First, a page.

• A whistle pattern.  Loads of choices; I use 5 very short sharp pips, some people prefer to use longer blasts but be mindful of the fact that it's very annoying shooting alongside someone who spends all day endlessly blasting their dog whistle.  Less is more.  Try to avoid the same whistle pattern as anyone else you might be shooting with so think about that one.

To start, just get him sat up across the other side of the room or 5 paces away in the garden.  Have a few titbits in a little pot, make sure he knows what you've got.  Just give the verbal command to come and with any luck he'll saunter over and he gets his treat.  Once he's got that, add the arm gesture to the verbal command, then after he's consistent with that add the whistle.  Then take the verbal command away.  Then take the arm gesture away.  After some practice he'll respond to either of the three commands on their own, or any combination.

Choose a "stop" whistle which will tell your dog to stop whatever he is doing and sit.  Most people use one long blast of a couple of seconds.  Some prefer to use a thunderer (football referee type) whistle because it's loud, carries a long way and is very distinguishable from the usual dog whistle...... but bear in mind on many driven shoots that's the whistle used to signal the end of the drive, so you'll find yourself in trouble with the keeper or shoot captain for blowing it, and you'll be a bit stuffed trying to sit your dog without it!

The stop whistle is coupled with the visual command to sit - one hand up in the air like a policeman stopping traffic.  I would start with first teaching the dog your verbal sit command, usually either "sit" or "sit up" which over many years has been morphed into "hup".  Just choose whatever you're comfortable with and stick to it.  If he's already doing that, start a close-range recall, then try to stop him in his tracks with the verbal command & arm gesture.  Once he's nailed that, add the stop whistle.  Once he's got that, extend the range further and further and use it on both a recall and just throw it at him randomly on walks.  Later, with a dummy launcher you can introduce the flush and shot to the stop & sit.  If you want to rough shoot over him you are going to need him in close and under control otherwise you'll have him putting birds up too far out of range or haring off after flushed birds instead of waiting for you to tell him what to do.

Spend an hour or two on Amazon looking for gundog training books, you can pick up some good ones at very cheap prices.  Some are quite dated but many principles always have and always will be the same.  Just remember no two people do things exactly the same so you can expect some slightly contradictory advice at times.  Just use your noodle to work out what's going to suit you and your dog the best.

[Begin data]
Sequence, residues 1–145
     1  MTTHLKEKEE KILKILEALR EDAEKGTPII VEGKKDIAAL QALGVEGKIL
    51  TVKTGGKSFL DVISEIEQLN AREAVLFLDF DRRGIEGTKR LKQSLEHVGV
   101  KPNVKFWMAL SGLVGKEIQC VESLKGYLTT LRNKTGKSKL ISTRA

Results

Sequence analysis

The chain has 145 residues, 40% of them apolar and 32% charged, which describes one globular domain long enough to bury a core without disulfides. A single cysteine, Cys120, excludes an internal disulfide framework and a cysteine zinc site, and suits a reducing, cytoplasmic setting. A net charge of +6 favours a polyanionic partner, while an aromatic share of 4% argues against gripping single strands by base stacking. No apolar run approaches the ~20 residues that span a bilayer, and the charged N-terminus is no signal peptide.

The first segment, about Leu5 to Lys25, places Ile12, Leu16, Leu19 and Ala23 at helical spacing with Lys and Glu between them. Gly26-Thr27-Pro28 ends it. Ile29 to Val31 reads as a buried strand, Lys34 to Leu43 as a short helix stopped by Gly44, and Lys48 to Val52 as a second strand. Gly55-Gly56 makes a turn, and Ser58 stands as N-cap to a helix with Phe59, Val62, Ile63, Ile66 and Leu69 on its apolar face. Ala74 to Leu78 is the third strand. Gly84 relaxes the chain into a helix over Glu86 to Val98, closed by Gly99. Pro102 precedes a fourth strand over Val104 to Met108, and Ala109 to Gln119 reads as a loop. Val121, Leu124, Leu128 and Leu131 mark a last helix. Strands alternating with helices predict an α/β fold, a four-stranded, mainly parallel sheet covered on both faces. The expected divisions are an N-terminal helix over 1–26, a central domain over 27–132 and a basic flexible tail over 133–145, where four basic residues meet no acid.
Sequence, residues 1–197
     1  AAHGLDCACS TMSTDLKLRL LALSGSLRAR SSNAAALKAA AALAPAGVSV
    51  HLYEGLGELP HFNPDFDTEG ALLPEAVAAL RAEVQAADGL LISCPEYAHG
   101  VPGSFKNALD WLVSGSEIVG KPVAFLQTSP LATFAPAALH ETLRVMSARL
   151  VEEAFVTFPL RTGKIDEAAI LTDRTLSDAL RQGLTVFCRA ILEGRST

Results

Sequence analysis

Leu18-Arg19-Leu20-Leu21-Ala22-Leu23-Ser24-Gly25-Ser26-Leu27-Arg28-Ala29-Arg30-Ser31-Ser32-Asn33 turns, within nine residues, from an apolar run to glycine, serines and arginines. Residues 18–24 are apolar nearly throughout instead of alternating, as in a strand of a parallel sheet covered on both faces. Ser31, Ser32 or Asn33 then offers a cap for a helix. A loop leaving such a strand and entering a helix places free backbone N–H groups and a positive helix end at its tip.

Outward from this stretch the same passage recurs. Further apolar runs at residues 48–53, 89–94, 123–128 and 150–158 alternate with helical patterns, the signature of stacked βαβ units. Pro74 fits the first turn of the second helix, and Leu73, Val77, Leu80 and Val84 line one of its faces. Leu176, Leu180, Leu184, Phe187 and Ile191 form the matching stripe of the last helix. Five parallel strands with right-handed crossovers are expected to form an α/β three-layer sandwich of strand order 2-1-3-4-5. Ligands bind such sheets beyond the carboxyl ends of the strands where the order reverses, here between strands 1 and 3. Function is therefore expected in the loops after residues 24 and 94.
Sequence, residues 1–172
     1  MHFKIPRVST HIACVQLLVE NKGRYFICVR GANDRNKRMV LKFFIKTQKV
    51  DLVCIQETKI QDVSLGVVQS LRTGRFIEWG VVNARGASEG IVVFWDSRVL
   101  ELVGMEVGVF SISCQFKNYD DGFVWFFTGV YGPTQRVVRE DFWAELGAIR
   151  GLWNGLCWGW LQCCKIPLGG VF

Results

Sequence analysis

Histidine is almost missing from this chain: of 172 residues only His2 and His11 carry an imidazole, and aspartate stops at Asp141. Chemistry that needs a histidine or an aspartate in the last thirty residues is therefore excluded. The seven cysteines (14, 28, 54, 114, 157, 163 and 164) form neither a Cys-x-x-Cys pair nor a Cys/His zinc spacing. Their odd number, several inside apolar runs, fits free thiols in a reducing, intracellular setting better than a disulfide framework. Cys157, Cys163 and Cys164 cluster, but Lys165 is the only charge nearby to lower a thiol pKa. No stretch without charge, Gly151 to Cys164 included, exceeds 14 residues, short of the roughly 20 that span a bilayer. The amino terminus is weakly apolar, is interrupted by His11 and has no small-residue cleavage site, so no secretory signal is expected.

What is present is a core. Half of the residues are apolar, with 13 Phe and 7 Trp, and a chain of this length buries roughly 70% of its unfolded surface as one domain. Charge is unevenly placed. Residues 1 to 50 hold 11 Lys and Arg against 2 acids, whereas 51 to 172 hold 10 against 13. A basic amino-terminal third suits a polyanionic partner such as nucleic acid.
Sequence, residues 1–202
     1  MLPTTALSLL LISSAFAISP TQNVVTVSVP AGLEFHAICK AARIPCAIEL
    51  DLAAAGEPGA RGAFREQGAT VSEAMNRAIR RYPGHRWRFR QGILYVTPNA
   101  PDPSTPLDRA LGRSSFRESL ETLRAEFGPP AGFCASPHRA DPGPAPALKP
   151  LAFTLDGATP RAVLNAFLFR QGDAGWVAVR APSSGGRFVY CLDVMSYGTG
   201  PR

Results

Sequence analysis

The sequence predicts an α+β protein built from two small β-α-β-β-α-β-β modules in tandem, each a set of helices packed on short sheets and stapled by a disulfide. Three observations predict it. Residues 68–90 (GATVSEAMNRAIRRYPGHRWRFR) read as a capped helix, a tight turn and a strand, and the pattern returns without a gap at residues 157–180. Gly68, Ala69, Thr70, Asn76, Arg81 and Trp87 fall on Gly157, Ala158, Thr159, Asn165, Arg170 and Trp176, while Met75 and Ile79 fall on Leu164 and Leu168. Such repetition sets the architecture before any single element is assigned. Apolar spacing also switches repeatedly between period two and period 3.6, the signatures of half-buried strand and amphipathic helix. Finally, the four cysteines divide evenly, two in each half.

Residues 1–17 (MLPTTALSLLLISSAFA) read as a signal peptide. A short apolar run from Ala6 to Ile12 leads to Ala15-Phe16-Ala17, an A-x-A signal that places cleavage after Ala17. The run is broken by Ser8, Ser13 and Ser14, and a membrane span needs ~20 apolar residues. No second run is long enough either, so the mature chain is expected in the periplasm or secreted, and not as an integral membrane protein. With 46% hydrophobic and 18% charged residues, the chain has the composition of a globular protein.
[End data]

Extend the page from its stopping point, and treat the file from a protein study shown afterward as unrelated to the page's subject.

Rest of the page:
Training gun dogs is a black art and I certainly don't think I'm an expert, but have been able to knock a couple of springers into reasonable shape in my time by observing both good and bad in the field, and reading plenty of books on the subject.  You'll never get it right first time and you certainly won't have a field trial dog in this case but you might well end up with a dog that's going to give you a fair few seasons of good enough service for the job you want.

Best of luck, and remember to always be consistent - pick a command and stick to it -  and be patient.  If you lose your rag, the dog has won and will remain untrained.  Don't try to go too far too soon.  It's better to practice something for a little too long than try to rush to the next step before you're both ready.

Most of all enjoy the experience :)

 

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Rehomed my second Springer just over a year ago - he's six in March. He came from a home where he was never walked (he was just under 33kg!!) and training consisted of him not taking up all of the sofa. He had never been socialised and was very possesive over any toy that he had - if you gave him  a ball he would run away with it and grumble if you tried to take it from him, he had no recall and was totally unused to outdoor life. So, a year and a bit later, he comes as soon as he is called - in fact I can recall him with a hand signal if I choose, he retrieves to hand 90% of the time - the other occasions he drops the dummy at your feet. He can now cover 6-7 miles with ease and is just over 23 kg, he loves water - I swear that, if he could, he would sit in a glass of the stuff!! He is not, by any means, the perfect Dog but he is a perfect companion with the benefit of his new found love of flushing, he is a real bonus. Just before christmas he stopped like he had been pole axed and refused my signal to "come here" - 5 seconds later he pushed his nose under a bush and out flew a Woodcock - made my day. Jim Neal is spot on - enjoy the experience.

YIP.jpg